There are two main types of buckwheat tea: herbal infusion made by steeping buckwheat leaves in hot water and soba-cha tea made by infusing roasted kernels or hulls of buckwheat in hot water. While buckwheat leaf tea may cause phototoxicity if consumed in extremely large amounts (see Are Buckwheat Leaves Edible or Poisonous?), side effects associated with the consumption of buckwheat kernel tea are rare.
In fact, in Japan, Korea and China where roasted buckwheat kernel tea, or soba-cha, has been consumed for centuries, people have been touting the extraordinary health benefits of this caffeine-free drink. Health benefits associated with drinking buckwheat tea range from improved circulation and prevention of varicose veins to cardiovascular and metabolic benefits.
Buckwheat Tea is Caffeine-Free
By now, everyone knows that green tea is good for you, largely due to its high concentration of antioxidants. However, if you’re trying to cut down on caffeine in your diet, or if you’re following a low-oxalate diet such The Kidney Stone Avoidance Diet, you may have to look for alternatives to green tea.
While buckwheat hull tea does not beat green tea in terms of antioxidant power (as demonstrated by a Polish study published in the International Journal of Food Properties), it nevertheless provides plenty of antioxidants, including rutin and vitexin. Rutin, in particular, has been credited with a number of health benefits, including improved blood flow and prevention of varicose veins and leg edema. It may also help improve metabolic conditions such as insulin resistance, pre-diabetes, and polycystic syndrome (PCOS).
Tartary Buckwheat is Particularly Rich in Rutin
If you’re looking to increase your dietary intake of rutin, look for tartary buckwheat when you go shopping for this specialty tea. A study published in the Journal of Agricultural and Food Chemistryfound that tartary buckwheat seeds contained much more rutin (about 0.8-1.7% of dry weight) than common buckwheat seeds (0.01% of dry weight). Furthermore, tartary buckwheat was found to contain some quercetin, yet another important flavonoid, while common buckwheat contained no quercetin.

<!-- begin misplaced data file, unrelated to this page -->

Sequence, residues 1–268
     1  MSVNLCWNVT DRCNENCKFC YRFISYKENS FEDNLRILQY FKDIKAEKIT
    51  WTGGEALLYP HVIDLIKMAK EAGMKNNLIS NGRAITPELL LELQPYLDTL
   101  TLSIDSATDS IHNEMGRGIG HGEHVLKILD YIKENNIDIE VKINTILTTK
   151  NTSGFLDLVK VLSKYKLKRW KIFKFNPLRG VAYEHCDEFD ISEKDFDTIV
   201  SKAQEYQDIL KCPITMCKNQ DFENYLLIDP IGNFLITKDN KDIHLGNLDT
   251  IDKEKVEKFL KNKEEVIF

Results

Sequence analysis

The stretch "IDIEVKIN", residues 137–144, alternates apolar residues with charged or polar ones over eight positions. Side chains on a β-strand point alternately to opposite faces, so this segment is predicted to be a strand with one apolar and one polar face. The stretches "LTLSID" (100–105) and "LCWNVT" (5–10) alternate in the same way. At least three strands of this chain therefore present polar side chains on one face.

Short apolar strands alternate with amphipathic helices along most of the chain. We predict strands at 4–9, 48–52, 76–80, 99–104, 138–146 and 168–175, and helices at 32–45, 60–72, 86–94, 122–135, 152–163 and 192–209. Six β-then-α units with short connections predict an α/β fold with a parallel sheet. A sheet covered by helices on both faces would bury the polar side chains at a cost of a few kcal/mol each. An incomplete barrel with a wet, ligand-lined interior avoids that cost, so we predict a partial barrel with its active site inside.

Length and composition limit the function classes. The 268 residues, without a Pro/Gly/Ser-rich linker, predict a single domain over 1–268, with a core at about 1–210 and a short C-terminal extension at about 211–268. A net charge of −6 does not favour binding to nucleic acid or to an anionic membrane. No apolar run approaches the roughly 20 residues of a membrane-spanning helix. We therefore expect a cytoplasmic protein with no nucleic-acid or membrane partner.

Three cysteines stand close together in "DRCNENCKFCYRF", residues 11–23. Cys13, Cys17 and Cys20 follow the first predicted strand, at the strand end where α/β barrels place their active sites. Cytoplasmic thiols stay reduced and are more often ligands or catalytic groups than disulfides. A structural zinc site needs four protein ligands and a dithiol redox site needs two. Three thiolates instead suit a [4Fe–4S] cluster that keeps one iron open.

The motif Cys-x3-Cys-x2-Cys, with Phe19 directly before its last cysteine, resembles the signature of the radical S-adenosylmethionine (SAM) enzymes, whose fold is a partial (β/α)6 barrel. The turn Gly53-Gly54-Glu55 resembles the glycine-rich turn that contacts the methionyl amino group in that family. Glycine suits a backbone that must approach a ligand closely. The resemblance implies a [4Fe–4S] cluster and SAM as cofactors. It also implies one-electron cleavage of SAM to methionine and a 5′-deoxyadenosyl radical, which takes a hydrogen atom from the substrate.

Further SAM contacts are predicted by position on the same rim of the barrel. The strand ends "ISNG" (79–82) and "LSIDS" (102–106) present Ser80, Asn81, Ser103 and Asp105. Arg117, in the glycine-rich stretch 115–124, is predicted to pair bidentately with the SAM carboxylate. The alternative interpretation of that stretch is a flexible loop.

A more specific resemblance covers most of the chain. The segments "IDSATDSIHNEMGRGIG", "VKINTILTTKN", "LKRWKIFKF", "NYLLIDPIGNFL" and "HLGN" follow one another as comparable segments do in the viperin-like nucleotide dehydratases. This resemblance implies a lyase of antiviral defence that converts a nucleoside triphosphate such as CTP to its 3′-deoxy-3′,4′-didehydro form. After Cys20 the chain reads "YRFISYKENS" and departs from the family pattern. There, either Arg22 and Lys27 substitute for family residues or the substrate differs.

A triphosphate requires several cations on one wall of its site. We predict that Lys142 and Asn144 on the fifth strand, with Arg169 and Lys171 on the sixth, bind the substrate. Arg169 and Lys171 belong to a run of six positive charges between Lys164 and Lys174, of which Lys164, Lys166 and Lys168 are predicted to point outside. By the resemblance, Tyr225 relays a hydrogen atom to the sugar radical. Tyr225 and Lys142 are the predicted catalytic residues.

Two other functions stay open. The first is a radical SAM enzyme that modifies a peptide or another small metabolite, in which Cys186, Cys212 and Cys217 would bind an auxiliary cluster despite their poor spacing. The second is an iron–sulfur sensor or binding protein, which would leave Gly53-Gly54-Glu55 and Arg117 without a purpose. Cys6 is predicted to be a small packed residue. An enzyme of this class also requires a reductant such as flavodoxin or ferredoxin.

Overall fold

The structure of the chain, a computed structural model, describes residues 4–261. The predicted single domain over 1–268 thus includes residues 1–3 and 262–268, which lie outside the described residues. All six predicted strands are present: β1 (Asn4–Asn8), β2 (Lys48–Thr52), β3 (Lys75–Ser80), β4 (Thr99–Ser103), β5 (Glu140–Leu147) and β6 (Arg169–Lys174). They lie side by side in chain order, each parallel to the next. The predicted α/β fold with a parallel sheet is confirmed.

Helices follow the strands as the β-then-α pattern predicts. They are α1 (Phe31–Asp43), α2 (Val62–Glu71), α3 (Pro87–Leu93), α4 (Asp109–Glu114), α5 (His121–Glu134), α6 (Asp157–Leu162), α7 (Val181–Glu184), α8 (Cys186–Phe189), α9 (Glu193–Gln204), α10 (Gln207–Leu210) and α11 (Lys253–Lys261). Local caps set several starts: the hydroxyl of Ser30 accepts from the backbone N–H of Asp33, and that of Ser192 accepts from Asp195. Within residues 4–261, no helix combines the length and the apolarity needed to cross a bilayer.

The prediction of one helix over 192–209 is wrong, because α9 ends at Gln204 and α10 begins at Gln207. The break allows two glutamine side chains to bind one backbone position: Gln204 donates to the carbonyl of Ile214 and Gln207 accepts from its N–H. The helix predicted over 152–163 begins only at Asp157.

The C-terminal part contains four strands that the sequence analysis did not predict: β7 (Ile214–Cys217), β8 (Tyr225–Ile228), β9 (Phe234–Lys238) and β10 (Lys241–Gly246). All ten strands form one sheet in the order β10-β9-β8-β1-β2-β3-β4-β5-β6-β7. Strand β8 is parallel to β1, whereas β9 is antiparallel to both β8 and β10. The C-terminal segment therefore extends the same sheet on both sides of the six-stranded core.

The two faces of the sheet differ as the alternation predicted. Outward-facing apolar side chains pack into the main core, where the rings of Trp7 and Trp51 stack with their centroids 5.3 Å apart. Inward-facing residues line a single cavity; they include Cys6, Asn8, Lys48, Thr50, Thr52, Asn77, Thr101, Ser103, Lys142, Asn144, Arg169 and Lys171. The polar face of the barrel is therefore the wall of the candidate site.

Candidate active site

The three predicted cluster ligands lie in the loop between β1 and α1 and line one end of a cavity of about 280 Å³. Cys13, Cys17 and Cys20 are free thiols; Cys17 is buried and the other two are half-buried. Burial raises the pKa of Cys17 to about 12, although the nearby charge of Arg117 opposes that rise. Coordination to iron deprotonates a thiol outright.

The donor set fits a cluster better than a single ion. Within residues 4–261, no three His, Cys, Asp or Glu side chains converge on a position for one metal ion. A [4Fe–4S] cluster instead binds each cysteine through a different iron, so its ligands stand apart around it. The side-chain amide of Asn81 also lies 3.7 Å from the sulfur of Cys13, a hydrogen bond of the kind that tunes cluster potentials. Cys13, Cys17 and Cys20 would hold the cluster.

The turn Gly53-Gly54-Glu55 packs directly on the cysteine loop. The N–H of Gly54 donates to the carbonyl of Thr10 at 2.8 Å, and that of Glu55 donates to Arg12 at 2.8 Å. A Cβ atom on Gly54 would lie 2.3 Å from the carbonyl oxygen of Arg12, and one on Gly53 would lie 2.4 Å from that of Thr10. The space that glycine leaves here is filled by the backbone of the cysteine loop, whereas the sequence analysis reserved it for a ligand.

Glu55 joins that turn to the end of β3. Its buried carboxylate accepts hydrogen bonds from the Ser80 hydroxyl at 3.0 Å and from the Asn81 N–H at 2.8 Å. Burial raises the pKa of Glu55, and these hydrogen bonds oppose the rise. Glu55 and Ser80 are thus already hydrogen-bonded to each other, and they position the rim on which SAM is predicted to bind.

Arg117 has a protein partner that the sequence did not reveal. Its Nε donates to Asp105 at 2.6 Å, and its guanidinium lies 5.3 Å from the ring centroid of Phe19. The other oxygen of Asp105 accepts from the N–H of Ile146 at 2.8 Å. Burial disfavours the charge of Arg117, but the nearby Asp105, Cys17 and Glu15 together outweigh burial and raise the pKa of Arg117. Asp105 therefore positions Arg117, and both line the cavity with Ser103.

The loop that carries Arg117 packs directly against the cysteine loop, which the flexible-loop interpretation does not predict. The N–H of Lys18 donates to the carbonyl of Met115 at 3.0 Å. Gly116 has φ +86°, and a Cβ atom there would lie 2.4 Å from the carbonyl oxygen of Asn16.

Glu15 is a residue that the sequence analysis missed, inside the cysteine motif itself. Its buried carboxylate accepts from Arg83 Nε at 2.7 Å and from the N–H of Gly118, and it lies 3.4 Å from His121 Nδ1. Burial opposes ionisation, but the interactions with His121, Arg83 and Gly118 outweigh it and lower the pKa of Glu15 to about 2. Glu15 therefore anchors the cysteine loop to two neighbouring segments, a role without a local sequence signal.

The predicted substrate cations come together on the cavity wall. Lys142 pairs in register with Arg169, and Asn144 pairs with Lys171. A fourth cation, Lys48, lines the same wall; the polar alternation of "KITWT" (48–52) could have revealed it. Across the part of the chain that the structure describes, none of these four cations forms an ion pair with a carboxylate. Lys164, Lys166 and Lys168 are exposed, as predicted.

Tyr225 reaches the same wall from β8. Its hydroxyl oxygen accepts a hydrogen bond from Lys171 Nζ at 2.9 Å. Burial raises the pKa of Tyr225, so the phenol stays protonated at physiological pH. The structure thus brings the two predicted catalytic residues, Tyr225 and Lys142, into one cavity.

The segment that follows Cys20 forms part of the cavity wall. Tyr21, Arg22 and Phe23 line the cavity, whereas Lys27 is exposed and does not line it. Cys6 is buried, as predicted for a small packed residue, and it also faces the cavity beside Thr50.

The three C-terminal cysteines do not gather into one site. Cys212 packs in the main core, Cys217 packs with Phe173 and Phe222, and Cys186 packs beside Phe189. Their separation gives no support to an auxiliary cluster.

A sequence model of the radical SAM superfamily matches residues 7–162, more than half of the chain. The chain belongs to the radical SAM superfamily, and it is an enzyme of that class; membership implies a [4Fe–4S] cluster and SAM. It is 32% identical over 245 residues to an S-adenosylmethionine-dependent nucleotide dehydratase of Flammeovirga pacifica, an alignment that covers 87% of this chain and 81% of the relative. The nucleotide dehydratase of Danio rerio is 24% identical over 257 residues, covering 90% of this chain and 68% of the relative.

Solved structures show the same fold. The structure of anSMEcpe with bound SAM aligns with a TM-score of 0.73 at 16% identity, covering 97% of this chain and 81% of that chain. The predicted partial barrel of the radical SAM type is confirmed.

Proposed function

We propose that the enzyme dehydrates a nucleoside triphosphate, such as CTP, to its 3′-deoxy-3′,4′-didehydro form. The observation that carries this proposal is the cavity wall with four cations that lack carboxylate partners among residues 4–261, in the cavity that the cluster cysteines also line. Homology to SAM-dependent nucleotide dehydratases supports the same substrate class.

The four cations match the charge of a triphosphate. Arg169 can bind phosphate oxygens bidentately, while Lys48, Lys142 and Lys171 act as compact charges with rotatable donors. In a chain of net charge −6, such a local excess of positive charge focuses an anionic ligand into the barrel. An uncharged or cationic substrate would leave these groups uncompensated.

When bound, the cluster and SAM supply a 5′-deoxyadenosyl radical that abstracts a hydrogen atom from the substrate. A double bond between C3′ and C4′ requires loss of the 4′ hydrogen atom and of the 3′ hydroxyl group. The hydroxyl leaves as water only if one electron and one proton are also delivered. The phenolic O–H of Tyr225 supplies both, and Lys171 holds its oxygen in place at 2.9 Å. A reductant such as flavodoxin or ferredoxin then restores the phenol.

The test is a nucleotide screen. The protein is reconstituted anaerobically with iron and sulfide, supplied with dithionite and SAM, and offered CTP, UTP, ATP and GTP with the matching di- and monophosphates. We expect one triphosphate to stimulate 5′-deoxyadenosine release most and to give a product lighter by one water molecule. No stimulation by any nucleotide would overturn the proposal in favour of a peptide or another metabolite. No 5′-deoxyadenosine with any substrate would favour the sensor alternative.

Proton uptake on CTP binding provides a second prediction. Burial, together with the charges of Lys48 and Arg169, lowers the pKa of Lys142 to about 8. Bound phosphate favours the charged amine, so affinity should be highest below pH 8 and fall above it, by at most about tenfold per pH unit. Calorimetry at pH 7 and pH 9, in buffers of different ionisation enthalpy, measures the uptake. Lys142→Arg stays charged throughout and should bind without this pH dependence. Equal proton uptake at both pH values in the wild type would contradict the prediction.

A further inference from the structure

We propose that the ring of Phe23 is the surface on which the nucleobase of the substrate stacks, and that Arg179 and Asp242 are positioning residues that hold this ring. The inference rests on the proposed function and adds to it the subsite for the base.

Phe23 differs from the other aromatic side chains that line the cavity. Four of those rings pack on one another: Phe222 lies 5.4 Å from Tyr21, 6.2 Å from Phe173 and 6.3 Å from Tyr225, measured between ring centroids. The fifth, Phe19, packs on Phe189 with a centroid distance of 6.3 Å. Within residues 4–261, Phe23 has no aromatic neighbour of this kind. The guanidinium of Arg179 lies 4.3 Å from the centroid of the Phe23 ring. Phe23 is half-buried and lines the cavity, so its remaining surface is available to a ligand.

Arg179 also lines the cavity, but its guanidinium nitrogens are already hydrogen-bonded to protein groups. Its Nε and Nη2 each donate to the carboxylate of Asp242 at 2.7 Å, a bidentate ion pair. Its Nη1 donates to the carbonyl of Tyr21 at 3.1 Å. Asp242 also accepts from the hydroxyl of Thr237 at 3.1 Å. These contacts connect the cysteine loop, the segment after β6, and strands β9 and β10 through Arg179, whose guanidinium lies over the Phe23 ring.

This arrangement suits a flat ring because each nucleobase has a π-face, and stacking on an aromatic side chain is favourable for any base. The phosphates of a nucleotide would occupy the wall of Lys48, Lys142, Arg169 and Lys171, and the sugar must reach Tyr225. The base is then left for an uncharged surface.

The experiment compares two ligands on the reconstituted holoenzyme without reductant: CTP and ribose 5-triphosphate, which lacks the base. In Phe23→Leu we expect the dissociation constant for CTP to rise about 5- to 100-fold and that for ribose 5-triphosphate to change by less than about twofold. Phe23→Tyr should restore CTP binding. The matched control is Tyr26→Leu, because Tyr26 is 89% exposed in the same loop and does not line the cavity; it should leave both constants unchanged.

1. Danuta Zielinskaa, Dorota Szawara-Nowakb and Henryk Zielinskib (2013). Antioxidative and Anti-Glycation Activity of Buckwheat Hull Tea Infusion. International Journal of Food Properties, 16(1), 228-239.
2. N. Ihme, H. Kiesewetter, F. Jung, et al (1996). Leg oedema protection from a buckwheat herb tea in patients with chronic venous insufficiency: a single-centre, randomised, double-blind, placebo-controlled clinical trial. European Journal of Clinical Pharmacology, 50(6), 443-447.
3. Nina Fabjan, Janko Rode, Iztok Joze Kosir et el (2003). Tartary Buckwheat (Fagopyrum tataricum Gaertn.) as a Source of Dietary Rutin and Quercitrin. Journal of Agricultural and Food Chemistry, 51(22), 6452-6455.
Article quoted from: http://www.healwithfood.org/health-benefits/tartary-buckwheat-tea.php